Loney ejected for arguing balls and strikes
First baseman surprised after fanning with bases loaded
NEW YORK -- Dodgers first baseman James Loney was ejected from the second game of Tuesday night's doubleheader against the Mets for throwing a batting glove after being called out on strikes by plate umpire Angel Campos. It was Loney's first ejection since Double-A.
Loney was called out on a 3-2 pitch that appeared low, ending the inning instead of walking in the go-ahead run.
Loney argued with Campos and was separated by coaches Larry Bowa and Mariano Duncan. As Loney walked toward first base, he removed his batting glove and threw it in the direction of the plate. Campos immediately ejected Loney, apparently for throwing the glove in his direction.
That brought out Dodgers manager Joe Torre, who pointed in the face and went nose-to-nose with Campos, a Triple-A umpire called up for vacation relief. Loney was the only ejection, even though Bowa continued the argument with crew chief Brian Gorman.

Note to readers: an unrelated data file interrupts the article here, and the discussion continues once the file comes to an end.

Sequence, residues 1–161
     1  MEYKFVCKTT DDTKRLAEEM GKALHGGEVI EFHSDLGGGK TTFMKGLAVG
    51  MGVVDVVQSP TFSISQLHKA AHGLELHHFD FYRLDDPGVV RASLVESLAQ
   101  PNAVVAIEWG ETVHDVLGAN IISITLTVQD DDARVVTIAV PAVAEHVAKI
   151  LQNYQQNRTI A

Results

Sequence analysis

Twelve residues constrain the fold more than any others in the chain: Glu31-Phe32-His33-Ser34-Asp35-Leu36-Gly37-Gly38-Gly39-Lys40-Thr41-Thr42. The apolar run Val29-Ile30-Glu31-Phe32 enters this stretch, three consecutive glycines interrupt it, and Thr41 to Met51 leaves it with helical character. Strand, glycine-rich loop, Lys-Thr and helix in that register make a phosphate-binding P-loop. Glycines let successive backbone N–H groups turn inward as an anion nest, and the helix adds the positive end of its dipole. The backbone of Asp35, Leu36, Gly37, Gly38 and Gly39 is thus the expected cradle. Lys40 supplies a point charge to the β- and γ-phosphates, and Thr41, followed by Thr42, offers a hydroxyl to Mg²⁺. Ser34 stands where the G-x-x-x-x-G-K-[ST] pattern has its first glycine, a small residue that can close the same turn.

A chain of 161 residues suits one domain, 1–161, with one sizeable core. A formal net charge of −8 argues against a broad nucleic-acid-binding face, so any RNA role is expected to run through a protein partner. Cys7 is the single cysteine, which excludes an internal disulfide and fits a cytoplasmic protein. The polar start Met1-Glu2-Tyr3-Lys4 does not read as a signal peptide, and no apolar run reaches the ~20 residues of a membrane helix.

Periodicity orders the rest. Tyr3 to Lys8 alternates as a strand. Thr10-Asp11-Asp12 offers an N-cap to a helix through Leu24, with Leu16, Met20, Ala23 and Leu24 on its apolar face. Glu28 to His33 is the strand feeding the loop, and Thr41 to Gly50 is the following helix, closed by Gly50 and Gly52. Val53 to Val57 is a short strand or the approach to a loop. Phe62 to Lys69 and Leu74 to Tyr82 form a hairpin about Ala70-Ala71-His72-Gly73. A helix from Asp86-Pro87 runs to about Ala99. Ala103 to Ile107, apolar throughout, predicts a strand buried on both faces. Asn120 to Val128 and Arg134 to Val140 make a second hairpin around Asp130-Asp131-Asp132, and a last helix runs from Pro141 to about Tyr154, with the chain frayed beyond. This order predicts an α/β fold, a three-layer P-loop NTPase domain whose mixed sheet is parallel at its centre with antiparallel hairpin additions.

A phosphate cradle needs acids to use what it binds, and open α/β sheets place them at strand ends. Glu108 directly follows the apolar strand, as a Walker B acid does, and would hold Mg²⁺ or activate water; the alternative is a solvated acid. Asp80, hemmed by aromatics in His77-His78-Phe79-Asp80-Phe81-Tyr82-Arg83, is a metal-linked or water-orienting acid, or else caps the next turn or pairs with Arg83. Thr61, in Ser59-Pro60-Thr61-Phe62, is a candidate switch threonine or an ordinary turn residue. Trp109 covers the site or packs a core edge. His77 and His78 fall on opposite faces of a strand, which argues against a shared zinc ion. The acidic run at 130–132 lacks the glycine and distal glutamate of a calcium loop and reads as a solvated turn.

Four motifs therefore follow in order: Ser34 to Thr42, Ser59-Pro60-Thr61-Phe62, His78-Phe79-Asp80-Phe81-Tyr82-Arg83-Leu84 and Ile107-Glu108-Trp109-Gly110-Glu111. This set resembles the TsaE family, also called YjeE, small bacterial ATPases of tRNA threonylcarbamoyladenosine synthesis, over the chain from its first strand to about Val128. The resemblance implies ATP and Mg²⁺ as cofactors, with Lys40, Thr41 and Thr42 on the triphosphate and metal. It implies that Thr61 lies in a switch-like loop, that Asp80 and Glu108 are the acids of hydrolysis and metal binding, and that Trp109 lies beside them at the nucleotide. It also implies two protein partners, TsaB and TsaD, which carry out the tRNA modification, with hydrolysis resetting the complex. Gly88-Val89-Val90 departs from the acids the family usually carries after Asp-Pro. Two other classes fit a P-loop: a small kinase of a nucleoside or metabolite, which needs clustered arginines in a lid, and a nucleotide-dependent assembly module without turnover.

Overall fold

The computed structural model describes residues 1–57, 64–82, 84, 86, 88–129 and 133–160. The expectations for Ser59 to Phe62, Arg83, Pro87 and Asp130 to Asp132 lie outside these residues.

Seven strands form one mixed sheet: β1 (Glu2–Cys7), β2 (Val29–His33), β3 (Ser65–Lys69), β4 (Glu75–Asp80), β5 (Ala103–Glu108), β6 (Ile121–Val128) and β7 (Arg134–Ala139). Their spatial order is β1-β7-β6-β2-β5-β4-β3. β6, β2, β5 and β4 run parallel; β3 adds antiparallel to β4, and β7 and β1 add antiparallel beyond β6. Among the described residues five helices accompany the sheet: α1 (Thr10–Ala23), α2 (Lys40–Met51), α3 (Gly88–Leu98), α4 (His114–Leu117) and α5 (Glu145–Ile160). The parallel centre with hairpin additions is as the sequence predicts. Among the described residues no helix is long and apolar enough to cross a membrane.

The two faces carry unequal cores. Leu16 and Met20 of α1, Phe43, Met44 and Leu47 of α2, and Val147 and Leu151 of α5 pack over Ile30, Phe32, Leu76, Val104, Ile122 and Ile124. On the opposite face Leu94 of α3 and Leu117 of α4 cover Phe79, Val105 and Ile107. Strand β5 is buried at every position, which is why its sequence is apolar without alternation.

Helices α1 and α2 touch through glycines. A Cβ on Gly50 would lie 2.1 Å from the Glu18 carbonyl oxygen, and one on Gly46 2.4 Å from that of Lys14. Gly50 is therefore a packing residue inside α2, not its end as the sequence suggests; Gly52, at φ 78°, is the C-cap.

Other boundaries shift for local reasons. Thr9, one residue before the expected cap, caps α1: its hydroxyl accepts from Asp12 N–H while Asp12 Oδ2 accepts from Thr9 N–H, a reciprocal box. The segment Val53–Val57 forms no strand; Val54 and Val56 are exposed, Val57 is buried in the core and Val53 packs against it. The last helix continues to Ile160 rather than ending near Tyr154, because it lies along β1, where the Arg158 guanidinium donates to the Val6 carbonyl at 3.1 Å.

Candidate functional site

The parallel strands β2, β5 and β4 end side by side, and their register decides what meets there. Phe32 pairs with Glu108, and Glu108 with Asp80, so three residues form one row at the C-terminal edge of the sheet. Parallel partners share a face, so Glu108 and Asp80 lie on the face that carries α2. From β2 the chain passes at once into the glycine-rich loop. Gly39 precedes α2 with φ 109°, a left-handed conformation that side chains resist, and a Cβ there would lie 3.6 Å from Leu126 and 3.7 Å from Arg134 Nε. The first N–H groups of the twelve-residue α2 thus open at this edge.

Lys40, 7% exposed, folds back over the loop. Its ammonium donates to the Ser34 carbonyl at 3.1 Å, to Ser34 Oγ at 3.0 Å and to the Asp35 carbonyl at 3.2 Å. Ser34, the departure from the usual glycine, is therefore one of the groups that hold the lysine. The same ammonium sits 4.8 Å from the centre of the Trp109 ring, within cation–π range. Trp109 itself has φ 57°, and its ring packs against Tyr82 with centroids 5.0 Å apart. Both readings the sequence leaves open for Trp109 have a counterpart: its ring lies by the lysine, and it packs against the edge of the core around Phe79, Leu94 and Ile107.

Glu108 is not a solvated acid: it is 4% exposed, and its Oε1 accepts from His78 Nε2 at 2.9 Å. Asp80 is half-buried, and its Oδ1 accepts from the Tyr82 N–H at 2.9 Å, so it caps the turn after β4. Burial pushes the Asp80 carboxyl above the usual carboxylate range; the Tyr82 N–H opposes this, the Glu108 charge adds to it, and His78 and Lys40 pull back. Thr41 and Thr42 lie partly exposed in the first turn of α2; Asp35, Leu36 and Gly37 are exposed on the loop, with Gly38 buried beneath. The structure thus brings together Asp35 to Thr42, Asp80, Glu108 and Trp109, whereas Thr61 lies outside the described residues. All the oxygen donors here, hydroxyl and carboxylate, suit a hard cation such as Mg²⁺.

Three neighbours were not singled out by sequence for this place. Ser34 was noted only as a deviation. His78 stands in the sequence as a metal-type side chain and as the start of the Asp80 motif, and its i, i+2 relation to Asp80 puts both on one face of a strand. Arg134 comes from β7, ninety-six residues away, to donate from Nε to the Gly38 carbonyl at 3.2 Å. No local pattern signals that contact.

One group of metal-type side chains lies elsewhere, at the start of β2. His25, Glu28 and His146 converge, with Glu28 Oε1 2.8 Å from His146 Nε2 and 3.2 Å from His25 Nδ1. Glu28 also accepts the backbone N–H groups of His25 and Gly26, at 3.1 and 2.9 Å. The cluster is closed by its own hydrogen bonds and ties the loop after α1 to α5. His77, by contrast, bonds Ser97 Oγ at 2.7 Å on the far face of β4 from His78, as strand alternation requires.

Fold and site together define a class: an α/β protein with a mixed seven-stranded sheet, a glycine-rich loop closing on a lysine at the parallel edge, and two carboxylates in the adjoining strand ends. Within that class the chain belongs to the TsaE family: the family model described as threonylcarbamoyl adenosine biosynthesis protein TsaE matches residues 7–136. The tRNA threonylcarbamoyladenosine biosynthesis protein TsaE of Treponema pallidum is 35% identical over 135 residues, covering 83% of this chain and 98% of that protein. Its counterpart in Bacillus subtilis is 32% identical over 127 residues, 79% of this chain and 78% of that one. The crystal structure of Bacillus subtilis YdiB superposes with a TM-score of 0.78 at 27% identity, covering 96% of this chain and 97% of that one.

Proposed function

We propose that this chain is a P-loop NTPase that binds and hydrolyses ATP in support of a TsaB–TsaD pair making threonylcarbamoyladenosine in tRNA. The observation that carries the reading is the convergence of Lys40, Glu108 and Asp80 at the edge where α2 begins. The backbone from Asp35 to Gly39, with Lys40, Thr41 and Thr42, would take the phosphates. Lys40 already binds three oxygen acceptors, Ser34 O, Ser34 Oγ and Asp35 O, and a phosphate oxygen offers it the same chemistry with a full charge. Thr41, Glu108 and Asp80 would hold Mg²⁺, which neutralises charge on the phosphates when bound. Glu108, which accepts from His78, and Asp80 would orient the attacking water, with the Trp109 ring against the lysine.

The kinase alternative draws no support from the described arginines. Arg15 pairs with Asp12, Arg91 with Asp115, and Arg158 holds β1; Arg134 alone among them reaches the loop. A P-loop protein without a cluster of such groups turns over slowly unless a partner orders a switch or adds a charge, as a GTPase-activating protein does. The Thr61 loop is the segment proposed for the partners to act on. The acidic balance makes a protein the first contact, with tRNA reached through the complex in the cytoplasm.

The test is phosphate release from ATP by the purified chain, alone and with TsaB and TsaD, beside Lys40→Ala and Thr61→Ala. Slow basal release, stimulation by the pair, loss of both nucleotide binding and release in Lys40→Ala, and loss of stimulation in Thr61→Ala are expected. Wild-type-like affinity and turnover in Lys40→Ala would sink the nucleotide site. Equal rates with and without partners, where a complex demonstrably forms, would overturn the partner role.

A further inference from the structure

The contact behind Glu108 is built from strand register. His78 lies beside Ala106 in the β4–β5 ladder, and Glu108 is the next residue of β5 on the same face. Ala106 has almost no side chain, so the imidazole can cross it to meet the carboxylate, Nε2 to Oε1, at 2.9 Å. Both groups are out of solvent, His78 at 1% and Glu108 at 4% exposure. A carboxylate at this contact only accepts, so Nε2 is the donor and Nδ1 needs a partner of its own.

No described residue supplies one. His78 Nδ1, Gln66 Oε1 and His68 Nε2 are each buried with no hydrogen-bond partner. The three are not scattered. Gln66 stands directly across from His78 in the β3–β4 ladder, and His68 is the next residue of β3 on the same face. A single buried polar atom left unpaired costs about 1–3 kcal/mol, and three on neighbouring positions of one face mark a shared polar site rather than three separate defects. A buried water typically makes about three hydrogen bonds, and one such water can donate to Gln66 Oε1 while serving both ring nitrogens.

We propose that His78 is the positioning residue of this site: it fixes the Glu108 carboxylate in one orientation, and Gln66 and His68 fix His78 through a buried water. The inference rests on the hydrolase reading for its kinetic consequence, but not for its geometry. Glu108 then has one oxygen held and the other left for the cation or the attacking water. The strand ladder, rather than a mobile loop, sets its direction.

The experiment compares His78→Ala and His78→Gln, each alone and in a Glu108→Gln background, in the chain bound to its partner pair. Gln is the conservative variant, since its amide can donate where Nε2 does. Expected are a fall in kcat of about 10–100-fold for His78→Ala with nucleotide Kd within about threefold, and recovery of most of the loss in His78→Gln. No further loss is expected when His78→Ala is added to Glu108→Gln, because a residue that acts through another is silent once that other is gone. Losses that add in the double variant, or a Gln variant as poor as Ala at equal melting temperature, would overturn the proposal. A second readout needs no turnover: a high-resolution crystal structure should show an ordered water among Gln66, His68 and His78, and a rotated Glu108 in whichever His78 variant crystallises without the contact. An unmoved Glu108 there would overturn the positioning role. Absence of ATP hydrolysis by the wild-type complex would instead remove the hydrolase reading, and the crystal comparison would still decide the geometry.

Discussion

Loney explained his uncharacteristic display of temper.
"I got so surprised and shocked. 'Did that just happen?'" he said. "Everybody was in shock. It was the situation of the game, it could have been the biggest situation.
"If he thinks I was trying to hit him with the glove, he's got bigger issues. The call was one thing, but to get thrown out, he just made a bad judgment. I had my back to him. I think he just got frustrated by everybody yelling at him that he finally had to throw somebody out of the game. I had my back turned to him."
Said Torre: "I think sometimes umpires forget the pressure involved playing the game and maybe act a little too soon. I know James is not one to cuss out an umpire, or anyone for that matter. I think it was unnecessary and just unfortunate that it happened -- on the part of the umpire, not James."
Ronnie Belliard moved over from third base to replace Loney, and Casey Blake, who did not start, was inserted to play third.
Ken Gurnick is a reporter for MLB.com. This story was not subject to the approval of Major League Baseball or its clubs.